By Joe Levi | May 2, 2012 10:46 AM
In computer terminology the word “root” has a few possible definitions. “Root” can refer to the highest-level directory in a file system. The root of the file system is sometimes called the root directory. On a PC “C:” represents the root directory of the C drive. On Mac, Unix, and Linux systems, the root directory is represented by a forward slash (“/”). The root directory of a website is the domain name, followed by a forward slash (i.e. http://pocketnow.com/).
That’s not what we mean here, not entirely anyway. In this context “root” is a user who has administrative privileges. Most users only have access to data within their own directory (i.e. “/users/~joe-the-android-guy/”). The root user can access any folder from the root directory down (there’s the tie in). Having this level of access lets root users install system updates, install and remove applications, and modify what other users can access. This is the context that most discussions about “rooting” falls into.
In the Android world rooting is similar to jailbreaking an iOS device.
On Android, to take advantage of root access you also need “Super User”, which is traditionally a set of user permissions just below “administrator”, but in our context it’s a collection of utilities and command line tools that you can use in conjunction with root access.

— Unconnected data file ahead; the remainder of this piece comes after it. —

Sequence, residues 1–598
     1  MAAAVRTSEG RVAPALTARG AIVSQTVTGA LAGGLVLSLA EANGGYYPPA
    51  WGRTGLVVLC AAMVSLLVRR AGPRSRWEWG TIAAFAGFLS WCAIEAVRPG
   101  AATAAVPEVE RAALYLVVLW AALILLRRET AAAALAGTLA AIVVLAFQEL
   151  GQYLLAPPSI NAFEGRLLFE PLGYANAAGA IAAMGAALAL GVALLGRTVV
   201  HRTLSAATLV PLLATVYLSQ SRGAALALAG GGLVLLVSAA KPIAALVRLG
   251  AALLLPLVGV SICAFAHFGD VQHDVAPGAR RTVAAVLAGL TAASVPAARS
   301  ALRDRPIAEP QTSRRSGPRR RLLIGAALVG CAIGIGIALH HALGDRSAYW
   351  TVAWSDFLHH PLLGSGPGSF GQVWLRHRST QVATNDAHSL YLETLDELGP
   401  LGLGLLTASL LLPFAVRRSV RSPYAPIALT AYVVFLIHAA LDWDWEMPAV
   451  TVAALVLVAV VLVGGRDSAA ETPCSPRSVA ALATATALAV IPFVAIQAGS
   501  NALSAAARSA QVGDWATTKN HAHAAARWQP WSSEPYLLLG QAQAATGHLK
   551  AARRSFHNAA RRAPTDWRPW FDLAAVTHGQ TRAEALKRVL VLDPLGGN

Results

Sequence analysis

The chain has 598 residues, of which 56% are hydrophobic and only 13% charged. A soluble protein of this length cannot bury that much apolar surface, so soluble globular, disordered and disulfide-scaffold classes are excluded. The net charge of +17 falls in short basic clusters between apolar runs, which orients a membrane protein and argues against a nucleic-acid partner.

Enough with the definitions already! Let’s get to the why!
Why Shouldn’t You Root Your Device?
I know it’s counter-intuitive, but let’s talk about why you wouldn’t want to root your Android-powered phone, tablet, or TV first.
The main reason is your warranty. Simply attempting to root your device will likely void any warranties you have. If you ever want support, service, repair work, or anything where you have to call someone for help, you’re probably out of luck if you’ve even tried to root.
Next, you could literally melt your device — no, not by rooting, but by overclocking (we’ll get to that in a minute). Even if you don’t melt your phone or tablet, you could “brick” it… which is a polite way to say “hey! What a cool looking paper-weight!”
Last, depending on the method to unlock and root your device, you may end up wiping everything in the process. This is especially true for Google’s own phones that let you simply “oem unlock” and kiss your data, apps, and configurations goodbye.
Is it worth it?
Why Should You Root Your Device?
The most important reason why you should root your device is because you can! I have one of my Androids rooted, not because it’s running a custom ROM or doing anything fancy (in fact it’s still running the stock ROM). Rather, I did it because I can! It’s liberating to say I know enough about this stuff to do it, and to live with the consequences of doing so.